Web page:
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Ever the exotic, Northeast to add a hint of vanilla to its unfolding mysteries, thanks to an effort by Spices Board of India, which had airlifted 20,000 metres of vanilla vines to Tripura in 2005, a step, appears like a persuasive tribute to the world’s favourite ice-cream flavour. In order to attract export market, the State Government has initiated a plan to make Tripura a vanilla hub for the region by next few years, as the state is blessed by a favourable agro climatic conditions for vanilla.


Senior Scientific officer of Bio Technology Anjan Sengupta said, there is an excellent opportunity for the farmers to benefit by cultivation of this high value crop and estimated the rate of returns a conservative sale price of Rs. 400/- per kg of processed vanilla beans at the farm gate. As part of encouraging vanilla cultivation in Tripura, Horticulture Department has made a demonstration plantation at Nagicherra, southern outskirt of Agartala. But paucity of planting material poses a problem even though vanilla produces seeds, these are difficult to germinate under normal conditions.

“We are doing propagation through cuttings because vanilla has also been multiplied through tissue culture”, Mr Sengupta said adding that for commercial vanilla production, hand pollination is essential for fruit setting because Mellipona bees and humming birds pollinate the Vanilla flowers which are not found in Tripura. Considering the growing international market and the scope for exploiting the internal domestic market of the country, efforts were being made to increase the area to 3500 hectare by the year 2010, which is at present cultivated only about 1000 hectare in the country including about 150 hectare in Tripura. If Tripura is able to establish 500 hectare of vanilla plantation, producing at least 300 kg per hectare at maximum production, then, even at the modest price of Rs 400/- per kg of processed vanilla beans, the annual returns will be about Rs 6 Crore. This is far in excess of any other crop presently cultivated in Tripura and can help the state to achieve the dream of bringing prosperity to the people of Tripura while about one lakh rooted cuttings of vanilla can be dispatched to Assam, Mizoram and Nagaland where voluntary agencies are eager to launch into a new experiment, underlined Mr Sengupta.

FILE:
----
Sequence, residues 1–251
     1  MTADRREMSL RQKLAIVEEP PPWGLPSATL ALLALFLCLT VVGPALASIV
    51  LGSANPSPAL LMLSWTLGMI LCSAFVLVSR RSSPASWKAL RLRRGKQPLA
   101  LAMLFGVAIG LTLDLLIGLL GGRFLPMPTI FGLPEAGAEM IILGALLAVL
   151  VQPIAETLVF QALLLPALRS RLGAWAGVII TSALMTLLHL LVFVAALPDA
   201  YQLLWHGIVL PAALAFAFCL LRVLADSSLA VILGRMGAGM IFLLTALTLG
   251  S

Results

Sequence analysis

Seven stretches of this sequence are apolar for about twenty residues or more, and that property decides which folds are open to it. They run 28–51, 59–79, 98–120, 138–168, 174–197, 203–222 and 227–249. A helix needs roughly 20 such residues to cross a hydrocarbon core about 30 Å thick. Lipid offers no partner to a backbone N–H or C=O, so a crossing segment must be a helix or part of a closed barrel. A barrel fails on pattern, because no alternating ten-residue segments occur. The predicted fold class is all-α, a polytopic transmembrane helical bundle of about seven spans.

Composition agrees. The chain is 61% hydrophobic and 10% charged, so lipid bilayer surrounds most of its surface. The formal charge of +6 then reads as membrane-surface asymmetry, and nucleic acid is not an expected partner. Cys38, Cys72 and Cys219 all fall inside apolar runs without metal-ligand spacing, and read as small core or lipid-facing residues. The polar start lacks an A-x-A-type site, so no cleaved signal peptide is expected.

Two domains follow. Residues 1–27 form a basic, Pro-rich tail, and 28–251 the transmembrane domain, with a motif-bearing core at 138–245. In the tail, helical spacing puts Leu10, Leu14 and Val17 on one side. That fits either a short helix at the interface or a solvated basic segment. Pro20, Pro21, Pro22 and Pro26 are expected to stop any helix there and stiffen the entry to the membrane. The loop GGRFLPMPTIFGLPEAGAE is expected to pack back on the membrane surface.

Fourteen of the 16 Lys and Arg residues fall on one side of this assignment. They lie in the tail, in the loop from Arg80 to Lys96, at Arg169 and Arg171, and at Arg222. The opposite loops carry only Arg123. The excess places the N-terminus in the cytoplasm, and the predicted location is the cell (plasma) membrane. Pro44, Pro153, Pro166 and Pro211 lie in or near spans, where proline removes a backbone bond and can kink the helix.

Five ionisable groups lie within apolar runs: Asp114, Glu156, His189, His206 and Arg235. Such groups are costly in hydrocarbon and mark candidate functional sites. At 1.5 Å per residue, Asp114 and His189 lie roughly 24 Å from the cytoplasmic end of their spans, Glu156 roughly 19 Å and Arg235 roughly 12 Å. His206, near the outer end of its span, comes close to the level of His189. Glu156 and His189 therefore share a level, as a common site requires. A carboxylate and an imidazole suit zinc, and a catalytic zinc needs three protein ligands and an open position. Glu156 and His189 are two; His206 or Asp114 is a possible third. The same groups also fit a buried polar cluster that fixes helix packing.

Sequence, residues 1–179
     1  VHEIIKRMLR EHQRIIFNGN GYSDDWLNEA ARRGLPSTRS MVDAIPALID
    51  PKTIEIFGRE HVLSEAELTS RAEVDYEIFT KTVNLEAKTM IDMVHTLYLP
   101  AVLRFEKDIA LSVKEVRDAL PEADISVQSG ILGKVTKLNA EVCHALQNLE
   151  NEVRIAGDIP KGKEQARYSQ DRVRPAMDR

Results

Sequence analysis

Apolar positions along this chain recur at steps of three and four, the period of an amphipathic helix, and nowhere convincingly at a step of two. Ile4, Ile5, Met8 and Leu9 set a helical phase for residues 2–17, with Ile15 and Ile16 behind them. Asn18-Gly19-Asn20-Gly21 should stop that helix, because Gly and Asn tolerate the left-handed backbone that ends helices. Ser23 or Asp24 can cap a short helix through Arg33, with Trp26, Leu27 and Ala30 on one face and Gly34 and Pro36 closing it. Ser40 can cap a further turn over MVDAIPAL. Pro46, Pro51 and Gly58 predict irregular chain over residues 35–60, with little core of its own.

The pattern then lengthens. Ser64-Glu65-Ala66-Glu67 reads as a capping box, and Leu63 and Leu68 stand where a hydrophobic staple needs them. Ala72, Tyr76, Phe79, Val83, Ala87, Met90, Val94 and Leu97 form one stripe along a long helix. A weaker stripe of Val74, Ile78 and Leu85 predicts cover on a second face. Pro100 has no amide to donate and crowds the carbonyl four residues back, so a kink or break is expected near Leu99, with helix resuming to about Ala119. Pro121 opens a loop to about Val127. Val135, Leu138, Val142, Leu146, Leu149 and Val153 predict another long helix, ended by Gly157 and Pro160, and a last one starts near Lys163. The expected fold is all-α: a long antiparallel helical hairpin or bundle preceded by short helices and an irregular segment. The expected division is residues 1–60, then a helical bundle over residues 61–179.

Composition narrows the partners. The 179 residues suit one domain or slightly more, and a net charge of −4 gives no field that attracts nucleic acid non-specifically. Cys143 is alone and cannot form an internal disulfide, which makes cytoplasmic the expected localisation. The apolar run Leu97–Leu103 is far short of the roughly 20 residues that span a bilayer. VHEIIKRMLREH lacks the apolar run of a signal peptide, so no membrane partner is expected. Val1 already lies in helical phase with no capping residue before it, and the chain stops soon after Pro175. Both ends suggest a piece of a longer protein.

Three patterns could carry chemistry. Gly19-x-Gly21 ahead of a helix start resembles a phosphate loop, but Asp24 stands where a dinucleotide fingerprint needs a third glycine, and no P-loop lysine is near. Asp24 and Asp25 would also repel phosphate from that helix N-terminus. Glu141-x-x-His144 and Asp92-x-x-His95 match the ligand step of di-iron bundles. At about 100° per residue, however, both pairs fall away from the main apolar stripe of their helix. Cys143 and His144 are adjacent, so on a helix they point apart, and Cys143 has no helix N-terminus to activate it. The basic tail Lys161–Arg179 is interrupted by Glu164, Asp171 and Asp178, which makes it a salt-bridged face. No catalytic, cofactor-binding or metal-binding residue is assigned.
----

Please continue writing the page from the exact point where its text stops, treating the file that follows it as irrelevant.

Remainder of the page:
Biswendu Bhattacharjee

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